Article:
Photographic evidence reveals David as a happy, fearless child, who enjoyed an emotionally stable as well as physically active upbringing in Blackheath, South East London.
A brief, though passionate affair with the Sinclair ZX Spectrum fizzled out when David started learning guitar at the age of 11. After leaving primary school, he joined Age Exchange Youth Theatre where he got to know the die-hard new romantic Nathan Cooper (now in The Modern).
Nathan asked him to join his band, Syntax Error & their first performance was in David’s house in early 1988 when the band were 12 years old. The line-up of this most pretty of boy-bands was Matt Klose on drums (now in Crazy P), Nathan and Gabriel Prokofiev (now in Spektrum and producing Lady Sovereign) on vocals and keyboards, and David playing his £80 Westone electric guitar.
John Williamson joined a month or so later, playing bass. Nathan & Gabriel were initially the main songwriters, but David (aka George Harrison) soon built up the confidence to write and sing his own songs and the band performed several of these at their first proper gig at Blackheath Halls in February 1989. After changing their name to Syntax, the band carried on recording and playing increasingly ambitious gigs until they were 18. The only other line-up change was in 1992, when Gabriel left and was replaced by Sean Myers (now a photographer). For an account of the band’s history, have a look at the lyrics of David’s 2003 song, The Ballad of Syntax.
By the age of 13, David was also playing piano and clarinet and he started writing classical music. When he was 16, he wrote an hour-long Requiem Mass for choir & full orchestra, mostly during GCSE maths lessons. He aimed to write it in exactly a year, but it ended up taking a year and one day to finish. Although part of the requiem was performed by the school choir, no recording of it exists. Throughout his teenage years David’s hair began to grow rather wild and this, combined with his penchant for wearing a poncho at gigs, earned him the moniker of Clint Hendrix. It is well-documented that around this time, David was obsessed with elves and even began inventing his own language with which to communicate with them (see his Song for the Elves, below). He was known to disappear with his guitar into woods and fields in the hope of talking to some of these creatures. It seems that no contact was ever made.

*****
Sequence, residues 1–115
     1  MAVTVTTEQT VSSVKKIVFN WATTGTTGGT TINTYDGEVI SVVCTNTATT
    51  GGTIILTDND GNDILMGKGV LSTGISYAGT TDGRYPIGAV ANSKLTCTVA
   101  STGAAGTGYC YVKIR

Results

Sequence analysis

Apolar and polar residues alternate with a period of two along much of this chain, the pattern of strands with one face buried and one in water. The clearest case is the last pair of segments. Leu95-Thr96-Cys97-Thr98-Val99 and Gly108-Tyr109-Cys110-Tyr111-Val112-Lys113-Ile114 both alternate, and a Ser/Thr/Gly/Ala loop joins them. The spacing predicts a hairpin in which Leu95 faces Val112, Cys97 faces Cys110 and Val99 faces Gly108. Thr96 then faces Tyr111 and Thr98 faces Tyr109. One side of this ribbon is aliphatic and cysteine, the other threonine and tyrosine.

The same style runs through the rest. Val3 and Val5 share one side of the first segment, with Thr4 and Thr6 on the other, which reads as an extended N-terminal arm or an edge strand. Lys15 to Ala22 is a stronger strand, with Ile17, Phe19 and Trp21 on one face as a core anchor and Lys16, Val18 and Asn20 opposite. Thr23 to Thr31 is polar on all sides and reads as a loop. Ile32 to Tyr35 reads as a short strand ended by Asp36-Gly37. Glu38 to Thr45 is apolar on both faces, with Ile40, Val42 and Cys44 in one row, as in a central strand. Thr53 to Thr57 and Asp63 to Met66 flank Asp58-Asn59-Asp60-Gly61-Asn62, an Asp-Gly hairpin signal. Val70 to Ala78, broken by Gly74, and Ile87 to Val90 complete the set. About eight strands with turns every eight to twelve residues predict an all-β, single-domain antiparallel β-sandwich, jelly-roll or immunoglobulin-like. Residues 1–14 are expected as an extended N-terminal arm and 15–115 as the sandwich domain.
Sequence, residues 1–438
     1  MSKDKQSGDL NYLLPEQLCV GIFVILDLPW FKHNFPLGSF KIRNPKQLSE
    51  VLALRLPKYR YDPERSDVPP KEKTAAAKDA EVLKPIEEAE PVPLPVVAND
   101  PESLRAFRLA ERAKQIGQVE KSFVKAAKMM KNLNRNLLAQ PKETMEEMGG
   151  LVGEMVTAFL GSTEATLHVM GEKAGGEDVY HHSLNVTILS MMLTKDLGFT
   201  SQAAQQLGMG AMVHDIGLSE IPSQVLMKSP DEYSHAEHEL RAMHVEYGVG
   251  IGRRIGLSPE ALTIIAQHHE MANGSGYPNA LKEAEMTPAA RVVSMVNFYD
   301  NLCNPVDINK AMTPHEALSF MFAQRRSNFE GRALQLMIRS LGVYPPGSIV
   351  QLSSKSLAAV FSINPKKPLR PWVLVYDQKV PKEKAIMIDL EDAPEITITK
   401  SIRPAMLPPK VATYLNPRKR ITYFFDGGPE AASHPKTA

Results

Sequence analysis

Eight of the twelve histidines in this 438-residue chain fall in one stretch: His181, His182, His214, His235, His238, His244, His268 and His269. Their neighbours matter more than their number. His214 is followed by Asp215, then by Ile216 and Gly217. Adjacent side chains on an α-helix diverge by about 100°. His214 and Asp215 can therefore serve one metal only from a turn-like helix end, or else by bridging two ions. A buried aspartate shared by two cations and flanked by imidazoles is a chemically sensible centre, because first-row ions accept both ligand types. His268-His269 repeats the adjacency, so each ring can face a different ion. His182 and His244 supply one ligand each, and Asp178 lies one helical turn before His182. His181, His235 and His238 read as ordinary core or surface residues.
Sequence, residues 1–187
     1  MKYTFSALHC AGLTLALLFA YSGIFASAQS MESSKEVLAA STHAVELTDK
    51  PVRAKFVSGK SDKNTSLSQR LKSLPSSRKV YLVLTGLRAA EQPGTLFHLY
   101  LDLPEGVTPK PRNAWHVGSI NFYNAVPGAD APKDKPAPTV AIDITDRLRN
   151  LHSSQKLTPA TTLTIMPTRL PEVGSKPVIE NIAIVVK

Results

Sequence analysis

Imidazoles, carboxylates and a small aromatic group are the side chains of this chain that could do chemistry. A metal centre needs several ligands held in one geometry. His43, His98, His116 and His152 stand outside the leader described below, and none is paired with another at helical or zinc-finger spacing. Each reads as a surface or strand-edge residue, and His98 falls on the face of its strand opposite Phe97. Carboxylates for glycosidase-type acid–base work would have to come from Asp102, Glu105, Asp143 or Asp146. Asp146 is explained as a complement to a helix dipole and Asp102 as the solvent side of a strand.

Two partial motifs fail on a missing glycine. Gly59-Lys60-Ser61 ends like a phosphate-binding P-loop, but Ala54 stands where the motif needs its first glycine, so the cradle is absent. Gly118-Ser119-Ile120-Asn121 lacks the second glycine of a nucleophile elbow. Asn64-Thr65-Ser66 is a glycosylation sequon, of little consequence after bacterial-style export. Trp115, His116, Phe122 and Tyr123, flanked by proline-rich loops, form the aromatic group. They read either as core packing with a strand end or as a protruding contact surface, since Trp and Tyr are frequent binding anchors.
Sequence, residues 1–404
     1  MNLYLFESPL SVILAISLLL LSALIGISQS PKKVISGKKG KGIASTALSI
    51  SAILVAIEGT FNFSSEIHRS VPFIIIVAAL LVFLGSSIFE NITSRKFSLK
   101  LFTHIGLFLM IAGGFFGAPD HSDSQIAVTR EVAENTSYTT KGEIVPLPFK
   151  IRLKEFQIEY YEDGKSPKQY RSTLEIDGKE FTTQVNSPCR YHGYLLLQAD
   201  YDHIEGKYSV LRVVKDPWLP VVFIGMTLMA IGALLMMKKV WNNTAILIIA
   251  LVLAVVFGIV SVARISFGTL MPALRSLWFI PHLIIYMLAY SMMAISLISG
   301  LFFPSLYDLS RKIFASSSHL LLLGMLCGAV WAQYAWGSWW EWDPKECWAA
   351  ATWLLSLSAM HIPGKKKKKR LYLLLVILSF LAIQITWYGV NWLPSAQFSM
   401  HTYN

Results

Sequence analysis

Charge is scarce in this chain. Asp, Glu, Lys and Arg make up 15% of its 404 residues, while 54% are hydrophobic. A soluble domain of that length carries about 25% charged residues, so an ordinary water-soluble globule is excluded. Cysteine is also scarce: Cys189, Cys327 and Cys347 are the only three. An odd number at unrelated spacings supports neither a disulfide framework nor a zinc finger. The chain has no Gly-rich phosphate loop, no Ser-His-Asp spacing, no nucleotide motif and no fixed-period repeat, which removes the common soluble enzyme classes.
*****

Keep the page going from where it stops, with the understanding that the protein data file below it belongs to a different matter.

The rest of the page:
In 1993, David recorded three albums: Insect (with Syntax), Stay With Someone You Know (with Jonton Rory, a collaboration with Fergus Partridge, now in CodaVita), and his solo cassette, Pierrot Lunaire. Syntax eventually disbanded as the flaky managers failed to deliver the promised glory and riches.
While studying music at New College, Oxford (1994–97), David bought himself a computer and some gadgets for making music on it. He specialised in electro-acoustic music and orchestration, and wrote his dissertation on dance music. David began writing music for theatre and films in 1998. After collaborating with Jesse Chambers on the award-winning musical short, Inside Out Man he studied Screen Music at the National Film and Television School (1999–2001).
Since leaving the NFTS, David has scored over 100 projects for film & television, ranging from documentaries through animated series to feature films. His musical output continues to be as varied as when he was writing a requiem mass at one moment, and songs for elves the next. His scores have been broadcast on all the UK’s main channels, been heard in every continent (except perhaps Antarctica), and have won awards and critical acclaim. See the CV page for full details of his work for film & tv.
There are of course many examples of his work on this website, but here is one of the tracks from his score to Britain From Above (BBC, 2008) the soundtrack of which is available on iTunes and Amazon.
As well as all his work on soundtracks, David still writes and records songs and plays gigs. As well as three of his own mini-albums, David collaborated with Mary Richards (as Agnes & Aubrey) to write ArtSongs, a CD of ten songs about artists, commissioned by the Tate gallery. See the Songs page for more details on this and other song-based projects. Here is a clip from our song about Kandinsky.
In 2006, David married Mary Richards and they have four young children. They live in South East London.